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Katlin Humrickhouse

Charles Darwin Library

While watching this week’s episode of Cosmos, I stumbled upon the Charles Darwin Library. I thought it only fitting as this week Dr. Neil deGrasse Tyson discussed natural selection and evolution. The library, which I would refer to as more of a collection, has some great source material on Darwin. Their purpose is laid out simply on the home page:

Charles Darwin’s Library is a digital edition and virtual reconstruction of the surviving books owned by Charles Darwin. This BHL special collection draws on original copies and surrogates from other libraries. It also provides full transcriptions of his annotations and marks…what our digital reconstruction of the Darwin Library delivers is the ability to retrace and reduplicate Darwin’s reading of a wealth of materials.

In many of the history classes I have taken as well as all of the papers I have written, I have learned that annotations are generally the most important part of a primary source document. It is easy to notice some good and bad things of this project right away. However, some other issues arise once you’ve really dived into the library. First, I will discuss what they did right.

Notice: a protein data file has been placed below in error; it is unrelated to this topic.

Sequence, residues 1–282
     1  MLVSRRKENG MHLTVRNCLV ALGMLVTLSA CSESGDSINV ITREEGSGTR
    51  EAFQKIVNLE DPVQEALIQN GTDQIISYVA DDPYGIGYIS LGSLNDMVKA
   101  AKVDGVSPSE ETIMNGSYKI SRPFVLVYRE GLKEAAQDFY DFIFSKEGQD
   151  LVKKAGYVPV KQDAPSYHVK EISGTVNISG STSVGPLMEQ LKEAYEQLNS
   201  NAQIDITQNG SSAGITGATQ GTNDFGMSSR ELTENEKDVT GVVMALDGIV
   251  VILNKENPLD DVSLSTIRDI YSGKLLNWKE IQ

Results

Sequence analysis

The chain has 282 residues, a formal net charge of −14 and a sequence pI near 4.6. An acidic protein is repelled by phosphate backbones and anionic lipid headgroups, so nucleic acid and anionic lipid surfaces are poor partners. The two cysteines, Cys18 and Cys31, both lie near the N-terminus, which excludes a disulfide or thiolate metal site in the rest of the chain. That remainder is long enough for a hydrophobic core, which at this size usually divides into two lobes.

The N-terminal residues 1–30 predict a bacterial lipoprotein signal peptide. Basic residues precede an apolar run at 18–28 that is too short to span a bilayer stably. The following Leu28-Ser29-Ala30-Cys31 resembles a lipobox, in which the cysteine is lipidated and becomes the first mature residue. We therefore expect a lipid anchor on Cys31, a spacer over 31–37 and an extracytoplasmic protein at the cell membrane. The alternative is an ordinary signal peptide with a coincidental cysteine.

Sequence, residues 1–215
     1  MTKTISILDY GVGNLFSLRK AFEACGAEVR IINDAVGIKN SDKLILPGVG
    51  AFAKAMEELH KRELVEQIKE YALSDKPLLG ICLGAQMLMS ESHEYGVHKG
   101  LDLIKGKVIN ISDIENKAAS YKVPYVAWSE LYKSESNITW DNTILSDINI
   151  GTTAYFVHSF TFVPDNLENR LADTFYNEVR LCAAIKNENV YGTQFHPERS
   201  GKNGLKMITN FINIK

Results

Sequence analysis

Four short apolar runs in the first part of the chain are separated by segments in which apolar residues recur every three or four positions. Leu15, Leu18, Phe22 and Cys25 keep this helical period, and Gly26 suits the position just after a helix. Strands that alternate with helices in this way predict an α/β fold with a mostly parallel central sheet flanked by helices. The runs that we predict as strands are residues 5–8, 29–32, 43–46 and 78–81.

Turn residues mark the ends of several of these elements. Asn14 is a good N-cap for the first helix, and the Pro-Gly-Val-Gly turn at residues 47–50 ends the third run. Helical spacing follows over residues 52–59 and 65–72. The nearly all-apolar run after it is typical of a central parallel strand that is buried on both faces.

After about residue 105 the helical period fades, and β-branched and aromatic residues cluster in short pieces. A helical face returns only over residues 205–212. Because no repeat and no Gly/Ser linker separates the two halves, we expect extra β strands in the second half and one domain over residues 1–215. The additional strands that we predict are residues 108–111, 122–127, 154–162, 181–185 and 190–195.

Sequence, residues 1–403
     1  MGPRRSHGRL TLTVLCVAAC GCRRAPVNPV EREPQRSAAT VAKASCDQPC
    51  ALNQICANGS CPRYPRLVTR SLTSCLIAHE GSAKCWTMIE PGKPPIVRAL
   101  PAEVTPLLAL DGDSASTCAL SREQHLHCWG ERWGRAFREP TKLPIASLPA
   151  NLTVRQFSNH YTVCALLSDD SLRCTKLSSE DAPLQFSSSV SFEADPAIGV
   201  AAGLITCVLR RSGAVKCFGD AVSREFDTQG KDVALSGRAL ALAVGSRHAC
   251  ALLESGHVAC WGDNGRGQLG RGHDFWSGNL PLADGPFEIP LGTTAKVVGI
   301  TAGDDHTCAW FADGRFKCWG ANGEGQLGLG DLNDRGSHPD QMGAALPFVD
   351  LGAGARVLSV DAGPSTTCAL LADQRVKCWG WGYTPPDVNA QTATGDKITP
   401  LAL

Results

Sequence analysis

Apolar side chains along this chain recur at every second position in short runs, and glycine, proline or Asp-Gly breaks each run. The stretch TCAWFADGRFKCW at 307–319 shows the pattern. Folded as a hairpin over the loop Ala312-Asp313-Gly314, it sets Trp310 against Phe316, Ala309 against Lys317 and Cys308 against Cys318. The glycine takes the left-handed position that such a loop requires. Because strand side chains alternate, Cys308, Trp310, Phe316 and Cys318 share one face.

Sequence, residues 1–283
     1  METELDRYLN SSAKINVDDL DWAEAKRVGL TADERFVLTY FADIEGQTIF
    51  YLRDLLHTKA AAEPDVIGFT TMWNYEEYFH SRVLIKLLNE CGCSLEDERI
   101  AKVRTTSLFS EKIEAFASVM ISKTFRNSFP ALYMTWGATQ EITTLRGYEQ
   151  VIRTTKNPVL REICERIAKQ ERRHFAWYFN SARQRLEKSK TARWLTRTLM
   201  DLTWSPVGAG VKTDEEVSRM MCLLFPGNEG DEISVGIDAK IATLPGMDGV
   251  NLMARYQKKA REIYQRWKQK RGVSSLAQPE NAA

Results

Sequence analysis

The first thing to notice is the layout of the home page. It’s not necessarily attractive, but not overly busy. It is OK. The books are laid out from A-Z, and you are able to search or sort by author, year, and title. Once you find a book, it becomes interactive. You are able to go to pages where Darwin’s annotations are found or look at the entire book. In addition, you are able to download and print. The page is pretty accessible and easy to navigate. However, it definitely has it flaws.

Firstly, it is kind of confusing. The Charles Darwin Library is within the Biodiversity Heritage Library, and the page is inset into the BHL’s page. Therefore, you may be clicking link and doing searches on the entire BHL collection if not careful. In addition to confusion, there is a “Help Support Us” type button almost always present.

A good comparative project for the Charles Darwin Library is the Newton Project. This provides good comparison because the Newton Project offers Isaac Newton’s drafts, notes, and correspondence much like the annotations provided by the Charles Darwin Library. The Newton Project does a much better job than the Darwin Library in the sense of aesthetics. The page is pretty attractive and easy to navigate. In fact, I have nothing bad to say about the Newton Project. Interestingly enough, as a side note, both of these projects share a sponsor: JISC.